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‘48 8n coolant Issue

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Moab sun

08-10-2020 10:51:58

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I recently bought an 8n and it overheated a couple times when it got over 100 degrees outside. I made sure the coolant was just over the top of the radiator fins, tried richening the mixture, ordered a jig to set the timing, made sure the belt had proper tension. It didn’t have a thermostat so I figured it was a good time to flush the coolant and install a thermostat with the pointy end towards the radiator and installed close to the engine block. I was able to only get a couple gallons of coolant in so I figured I needed to run it long enough to open the thermostat. After a bit of running time the fluid level rise and it started pushing coolant out of the radiator. I checked the upper hose and it was too hot to hold onto on both ends of the hose. The lower hose was not nearly as hot. So it seems my problem is worse than before flushing and installing a thermostat. What am I doing wrong? Thanks for any help. Oh- the temperature today outside was only in the low 90s and the tractor was in the shade.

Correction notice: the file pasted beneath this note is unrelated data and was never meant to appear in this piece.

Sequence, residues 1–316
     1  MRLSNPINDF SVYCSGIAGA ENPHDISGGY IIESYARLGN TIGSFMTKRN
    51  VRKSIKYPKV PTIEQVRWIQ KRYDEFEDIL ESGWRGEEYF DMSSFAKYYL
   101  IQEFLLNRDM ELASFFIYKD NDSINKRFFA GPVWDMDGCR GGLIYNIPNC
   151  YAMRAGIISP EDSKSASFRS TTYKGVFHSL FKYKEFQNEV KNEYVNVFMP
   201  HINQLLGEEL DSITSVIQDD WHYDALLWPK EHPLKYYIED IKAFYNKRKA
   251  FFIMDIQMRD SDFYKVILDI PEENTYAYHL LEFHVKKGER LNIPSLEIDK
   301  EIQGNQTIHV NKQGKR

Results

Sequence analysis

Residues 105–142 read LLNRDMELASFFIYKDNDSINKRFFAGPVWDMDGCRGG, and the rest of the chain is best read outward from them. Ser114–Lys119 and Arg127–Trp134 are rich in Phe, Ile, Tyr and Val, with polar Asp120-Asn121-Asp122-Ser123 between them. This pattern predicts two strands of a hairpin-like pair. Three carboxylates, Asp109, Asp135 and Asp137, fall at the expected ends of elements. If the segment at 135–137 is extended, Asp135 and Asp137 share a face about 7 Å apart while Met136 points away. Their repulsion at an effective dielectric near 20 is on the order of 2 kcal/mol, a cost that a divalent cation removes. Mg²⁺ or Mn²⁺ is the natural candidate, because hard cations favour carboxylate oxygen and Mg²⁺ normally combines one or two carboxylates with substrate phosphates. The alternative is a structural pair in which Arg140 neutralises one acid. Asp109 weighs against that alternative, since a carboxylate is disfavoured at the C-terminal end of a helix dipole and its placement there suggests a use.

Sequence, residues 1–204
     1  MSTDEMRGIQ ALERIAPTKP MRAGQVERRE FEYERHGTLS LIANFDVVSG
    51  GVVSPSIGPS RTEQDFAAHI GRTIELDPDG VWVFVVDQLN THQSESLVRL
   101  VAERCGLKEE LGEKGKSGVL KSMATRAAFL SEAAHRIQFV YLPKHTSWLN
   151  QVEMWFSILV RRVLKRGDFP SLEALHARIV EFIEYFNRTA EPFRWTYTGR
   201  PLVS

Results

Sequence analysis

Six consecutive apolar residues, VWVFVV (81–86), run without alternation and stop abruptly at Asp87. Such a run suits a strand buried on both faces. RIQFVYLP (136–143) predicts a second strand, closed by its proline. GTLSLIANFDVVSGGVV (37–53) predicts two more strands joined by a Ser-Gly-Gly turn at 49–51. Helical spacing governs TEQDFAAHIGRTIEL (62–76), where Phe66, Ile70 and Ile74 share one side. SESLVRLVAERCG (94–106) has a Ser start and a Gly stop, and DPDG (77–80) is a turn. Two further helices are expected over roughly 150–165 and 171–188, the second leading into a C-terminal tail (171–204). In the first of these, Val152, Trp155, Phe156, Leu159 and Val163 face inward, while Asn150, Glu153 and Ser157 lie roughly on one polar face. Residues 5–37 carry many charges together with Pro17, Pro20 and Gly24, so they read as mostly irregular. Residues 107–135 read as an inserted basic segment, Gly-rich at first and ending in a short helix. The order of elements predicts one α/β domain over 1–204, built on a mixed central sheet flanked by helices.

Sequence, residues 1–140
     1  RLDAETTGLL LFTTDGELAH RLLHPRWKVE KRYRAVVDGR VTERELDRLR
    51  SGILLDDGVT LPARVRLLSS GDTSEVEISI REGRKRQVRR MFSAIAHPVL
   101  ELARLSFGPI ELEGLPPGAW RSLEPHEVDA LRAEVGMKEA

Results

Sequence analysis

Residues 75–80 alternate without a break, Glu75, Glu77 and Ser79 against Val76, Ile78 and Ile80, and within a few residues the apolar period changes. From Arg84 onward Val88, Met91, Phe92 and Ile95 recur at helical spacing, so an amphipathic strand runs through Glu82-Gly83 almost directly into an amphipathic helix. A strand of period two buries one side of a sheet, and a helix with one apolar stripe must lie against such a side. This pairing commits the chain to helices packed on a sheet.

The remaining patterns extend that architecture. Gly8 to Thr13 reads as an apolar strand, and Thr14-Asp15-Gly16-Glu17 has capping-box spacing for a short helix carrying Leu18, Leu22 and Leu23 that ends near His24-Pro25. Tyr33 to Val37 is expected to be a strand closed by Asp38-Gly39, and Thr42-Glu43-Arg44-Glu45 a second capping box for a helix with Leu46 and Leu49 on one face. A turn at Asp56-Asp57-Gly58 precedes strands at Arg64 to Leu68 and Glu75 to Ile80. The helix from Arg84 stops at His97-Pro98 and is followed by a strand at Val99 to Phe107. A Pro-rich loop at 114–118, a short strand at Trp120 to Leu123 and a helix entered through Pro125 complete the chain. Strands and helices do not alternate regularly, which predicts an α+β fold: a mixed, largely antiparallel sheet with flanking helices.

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Left Coast Geek

08-11-2020 13:32:42

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 Re: 48 8n coolant Issue in reply to Moab sun, 08-10-2020 10:51:58  
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well, since I was in there, I pulled the distributor to clean the outside, and check the points, and low and behold one of the screws that holds the points to the plate was stripped, the tiny cutter pin that holds the points rocker onto the shaft was sheared off, and the points were all gummed up with spider webs, even after cleaning, I couldn't get them to stay at the right 0.015 gap, so I got a new points plate with points, installed, gapped, and timed it. I don't have the jig, but I used a straight edge and my DVM in beeper mode, and eyeballed the 1/4 inch, doing it over and over til it was right...

Next up, I need to get the hood bolted down (screw holes aren't readily lining up, will take a helper probably), then I can fill the coolant, and resume with setting up the carb which I think was running way too rich based on the oily black deposits on the old plugs.

re reliable radiator shop, I don't think we have one here in santa cruz anymores, and if we did, the labor would likely exceed the cost of the replacement